Top Lift: 2450m
Ski area: 305km
Adult lift pass: €262 for 6 days
In a Nutshell
Lech and Zurs are about as posh as they come. They’re about as snowy as they come, too – much snowier, in fact than their neighbour St Anton, and hidden away above the five-star hotels and easy pistes is some stunning off-piste terrain.
They don’t come much posher than Lech and Zurs. Set beneath the Flexen pass in eastern Austria, they’re about as cute and traditional-looking as modern ski resorts get, and have over the years been colonised by a stellar clientele. Now the new Flexenbahn link with St Anton has given them a central role in the revitalised Arlberg ski area – one of the most exciting mega-resorts in the Alps.
Both enjoy what is, for the Alps, a super-snowy climate: Lech averages a little over seven metres a winter, while Zurs, which is higher, and lies closer to the 2810m Valluga, gets over 10 metres. That’s roughly double what they get in Val d’Isere, although not as much as the snowiest resorts of North America.
So it’s perhaps no surprise that were one of the birthplaces of modern skiing. Victor Sohm, a founding father of the original technique, gave the first lessons in Zurs on the open slopes of the Trittkopf and Hexenboden over 100 years ago. His international clients were mainly wealthy British, Swiss and Germans wanting to learn the new sport and relax in beautiful surroundings. In this respect, not much has changed.
Lech and Zurs have a large number of five-star hotels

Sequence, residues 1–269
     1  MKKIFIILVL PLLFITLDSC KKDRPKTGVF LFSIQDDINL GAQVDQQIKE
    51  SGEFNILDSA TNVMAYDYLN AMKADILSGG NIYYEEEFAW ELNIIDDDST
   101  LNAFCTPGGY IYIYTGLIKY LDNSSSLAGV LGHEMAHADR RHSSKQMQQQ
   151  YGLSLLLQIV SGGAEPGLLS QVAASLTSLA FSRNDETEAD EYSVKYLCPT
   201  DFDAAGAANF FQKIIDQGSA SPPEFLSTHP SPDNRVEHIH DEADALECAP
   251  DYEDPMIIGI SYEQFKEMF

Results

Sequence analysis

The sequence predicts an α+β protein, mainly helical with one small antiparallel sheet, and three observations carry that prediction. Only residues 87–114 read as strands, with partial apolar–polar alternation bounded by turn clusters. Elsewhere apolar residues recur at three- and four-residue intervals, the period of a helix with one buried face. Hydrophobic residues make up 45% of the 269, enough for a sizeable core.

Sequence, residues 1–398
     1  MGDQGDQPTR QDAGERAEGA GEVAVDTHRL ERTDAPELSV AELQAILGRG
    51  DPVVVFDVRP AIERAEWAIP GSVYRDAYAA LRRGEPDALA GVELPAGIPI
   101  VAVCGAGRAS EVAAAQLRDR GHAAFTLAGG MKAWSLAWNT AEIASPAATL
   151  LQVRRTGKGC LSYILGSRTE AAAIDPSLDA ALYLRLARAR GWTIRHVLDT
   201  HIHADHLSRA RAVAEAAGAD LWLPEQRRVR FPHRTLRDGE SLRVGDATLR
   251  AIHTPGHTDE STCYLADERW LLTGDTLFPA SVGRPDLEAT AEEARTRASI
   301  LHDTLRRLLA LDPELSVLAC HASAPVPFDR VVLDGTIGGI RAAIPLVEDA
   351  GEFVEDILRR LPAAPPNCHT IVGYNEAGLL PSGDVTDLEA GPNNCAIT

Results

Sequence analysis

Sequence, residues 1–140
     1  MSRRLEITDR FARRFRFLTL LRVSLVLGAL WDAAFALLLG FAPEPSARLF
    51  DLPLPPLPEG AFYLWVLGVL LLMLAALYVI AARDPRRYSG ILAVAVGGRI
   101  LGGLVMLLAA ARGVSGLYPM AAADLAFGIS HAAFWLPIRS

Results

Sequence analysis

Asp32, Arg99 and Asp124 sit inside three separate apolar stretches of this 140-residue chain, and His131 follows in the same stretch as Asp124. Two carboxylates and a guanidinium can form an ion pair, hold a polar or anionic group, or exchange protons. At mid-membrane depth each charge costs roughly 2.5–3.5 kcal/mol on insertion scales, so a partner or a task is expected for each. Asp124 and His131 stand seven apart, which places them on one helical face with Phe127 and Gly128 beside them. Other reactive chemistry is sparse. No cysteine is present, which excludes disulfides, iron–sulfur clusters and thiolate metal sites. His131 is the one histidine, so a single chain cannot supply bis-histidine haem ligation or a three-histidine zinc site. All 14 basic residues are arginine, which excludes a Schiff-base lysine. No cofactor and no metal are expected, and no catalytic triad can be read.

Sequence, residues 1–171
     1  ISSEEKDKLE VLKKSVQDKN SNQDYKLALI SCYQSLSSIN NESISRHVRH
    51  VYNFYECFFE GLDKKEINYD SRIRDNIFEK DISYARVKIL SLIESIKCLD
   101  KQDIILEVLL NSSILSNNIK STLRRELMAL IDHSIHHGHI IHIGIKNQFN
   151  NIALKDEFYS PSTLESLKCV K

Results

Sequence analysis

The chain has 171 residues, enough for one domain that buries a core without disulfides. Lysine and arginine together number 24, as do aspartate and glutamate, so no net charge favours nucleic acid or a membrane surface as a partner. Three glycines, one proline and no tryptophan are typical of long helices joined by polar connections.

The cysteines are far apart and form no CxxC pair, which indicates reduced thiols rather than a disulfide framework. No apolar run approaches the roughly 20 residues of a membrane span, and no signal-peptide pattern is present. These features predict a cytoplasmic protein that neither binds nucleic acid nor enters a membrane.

Today, the two villages are the most exclusive resorts in Austria with six five-star hotels between them. Both attract a higher age group than nearby St Anton. “A lot of the skiers appear to be slightly older than in other resorts and consequently the slopes are very civilized,” commented a reporter. “Loads of posing and I’ve never seen so many children wearing super-expensive ski gear,” said another. “Quality, exclusivity and service are what counts,” added a third.
Tiny little Warth-Schröcken in the Vorarlberg region is now linked with Lech on piste, creating a total 305km of marked runs and about 200km of off-piste. The terrain on the whole is markedly easier than in St Anton, with plenty of benign cruising runs best suited to intermediates. As a result, large numbers of skiers and riders based in St Anton come here for the day. However, overcrowding is not an issue.
Zurs is no more than a huddle of smart hotels and precious little else. In Lech, hotels, restaurants, and the slopes are set on either side of the little river that meanders through the centre, past a magnificent onion-domed church.
A traffic-free resort and a tiny hamlet
Oberlech on the higher summer pastures, provides a traffic-free environment. “The resort was good, but not quite top of the pile,” says a reporter, “the plus points included convenience – not much walking/bussing around required”. Winter access is only by cable-car and luggage is cunningly transported to your hotel through a network of tunnels beneath the piste.
Zug, a tiny hamlet reached along a narrow lane through the woods from Lech, offers an alternative tranquil base that is linked into the lift system.